It was 11 p.m. May 9, 2011. The Tuesday before the much anticipated release of shooter video game Brink.
That night I was with my friend Jordan and he was explaining to me why he was excited and why he was going to buy this game the next day. Jordan doesn’t have a job so when he wants a game day one it means something.
I listened to him describe why I should be excited for this game while we waited for games journalism outlets to publish their reviews at midnight.
The game features a smooth parkour-like movement system, it has a distinct art style, class-based gameplay and rich character customization. He must’ve known my love for character customization after seeing me re-make characters in Demons Souls, Mass Effect and Dragon Age for the perfect look.
At midnight the reviews were released on sites like joystiq.com, kotaku.com and ign.com. Each giving the game an average score. Brink holds at 69 metascore on metacritic. Jordan said he wasn’t going to get it anymore. The next day, the rest of my friends that were excited for Brink shared a similar sentiment.
I’m pretty sure that because of those reviews the game didn’t sell as well and all the prerelease hype amounted to nothing.
I moved on but I kept seeing ads for Brink and that art style was so unique I decided to rent it and I enjoyed it.
So here’s my plea: if you were even a little excited in Brink give it a chance.
And because the Internet loves list, I’ve written five reasons to rent Brink.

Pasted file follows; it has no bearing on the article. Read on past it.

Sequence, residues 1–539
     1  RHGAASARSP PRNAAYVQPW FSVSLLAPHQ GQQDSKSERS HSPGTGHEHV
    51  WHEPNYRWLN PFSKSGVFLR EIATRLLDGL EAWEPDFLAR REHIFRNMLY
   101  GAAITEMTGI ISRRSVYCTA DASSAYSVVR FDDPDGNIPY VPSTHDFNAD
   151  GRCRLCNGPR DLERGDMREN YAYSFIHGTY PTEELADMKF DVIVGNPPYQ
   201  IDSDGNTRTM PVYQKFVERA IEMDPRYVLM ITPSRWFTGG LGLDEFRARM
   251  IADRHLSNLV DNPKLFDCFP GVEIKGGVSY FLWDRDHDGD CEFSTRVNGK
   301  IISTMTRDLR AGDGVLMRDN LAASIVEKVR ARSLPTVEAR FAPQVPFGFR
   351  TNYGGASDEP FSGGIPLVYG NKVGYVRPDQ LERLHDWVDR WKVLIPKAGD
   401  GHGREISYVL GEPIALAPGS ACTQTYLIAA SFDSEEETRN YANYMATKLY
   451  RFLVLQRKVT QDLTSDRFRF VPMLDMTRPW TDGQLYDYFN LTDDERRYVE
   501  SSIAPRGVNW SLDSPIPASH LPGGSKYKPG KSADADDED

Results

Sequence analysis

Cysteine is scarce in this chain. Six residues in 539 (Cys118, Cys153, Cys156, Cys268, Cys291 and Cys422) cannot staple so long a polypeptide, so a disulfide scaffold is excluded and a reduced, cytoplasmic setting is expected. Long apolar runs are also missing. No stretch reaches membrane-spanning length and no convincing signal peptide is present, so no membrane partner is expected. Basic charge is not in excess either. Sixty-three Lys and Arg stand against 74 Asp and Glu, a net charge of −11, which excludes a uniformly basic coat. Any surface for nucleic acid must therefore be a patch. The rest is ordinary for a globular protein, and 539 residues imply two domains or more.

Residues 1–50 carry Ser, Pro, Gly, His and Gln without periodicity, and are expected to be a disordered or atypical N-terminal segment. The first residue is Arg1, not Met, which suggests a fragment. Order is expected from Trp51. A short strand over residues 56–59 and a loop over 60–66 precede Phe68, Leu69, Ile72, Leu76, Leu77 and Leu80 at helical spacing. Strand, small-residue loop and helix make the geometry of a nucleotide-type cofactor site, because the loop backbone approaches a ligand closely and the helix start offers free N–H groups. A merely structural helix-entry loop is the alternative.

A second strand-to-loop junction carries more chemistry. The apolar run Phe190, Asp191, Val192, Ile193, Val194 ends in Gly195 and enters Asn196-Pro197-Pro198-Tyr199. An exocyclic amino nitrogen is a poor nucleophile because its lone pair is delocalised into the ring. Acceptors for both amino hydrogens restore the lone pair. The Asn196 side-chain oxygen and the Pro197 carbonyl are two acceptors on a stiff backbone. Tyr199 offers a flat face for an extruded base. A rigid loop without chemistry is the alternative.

1. All the characters look cool
I really enjoy Brink’s character design. The Resistance rebels are grimy and resourceful, while the Security officers are sleek and buttoned up. But the art style makes them all look like soccer hooligans.
2. The character customization is rich
When I say rich I mean 102,247,681,536,000,000 rich. That’s the amount of total unique characters that are possible with the game’s customization options. Characters can be heavy, medium, or light and each weight option has a strategic value. Do you go for the heavier character to absorb more damage but sacrifice speed, or do you create a light character that has opposite values. In addition there different styles and sets of clothing for the characters. Players can make Lil Wayne looking soldiers or be the bald space marine they love.
3. Multi-objective matches
Taking a note from Killzone’s multiplayer, Brink’s multiplayer matches feature several objectives. While teams spend complete matches on either offense or defense, the objectives change. The first round might have the offense attempt to repair a tank. The second round could have the offense team escort said tank through the stage, and the game could end with an attempt to blow up a wall to escape. The multi-objective matches lead into my fourth point…
4. The game encourages class gameplay
Each class gets a chance to shine based on the objective. Yes, you can switch classes mid-match but those who prefer certain classes can excel on those rounds. Only soldiers can plant HE explosives to destroy walls, only engineers can repair objectives, medics and heal VIPs and only operatives can hack into consoles. In addition, each class has supportive abilities, like increasing a teammate’s damage or refilling their ammo, to strengthen their team.
5. I’m Tired of Playing with Bots
Even in public multiplayer matches the game fills open positions with AI bots. When players join matches bots are removed to make team numbers equal. Because of the lack of a large community in Brink I’ve been playing with bots so get in here!
So will you give it a chance?
And if you are already playing, what are your thoughts?
*The character design images were pulled from msxbox-world.com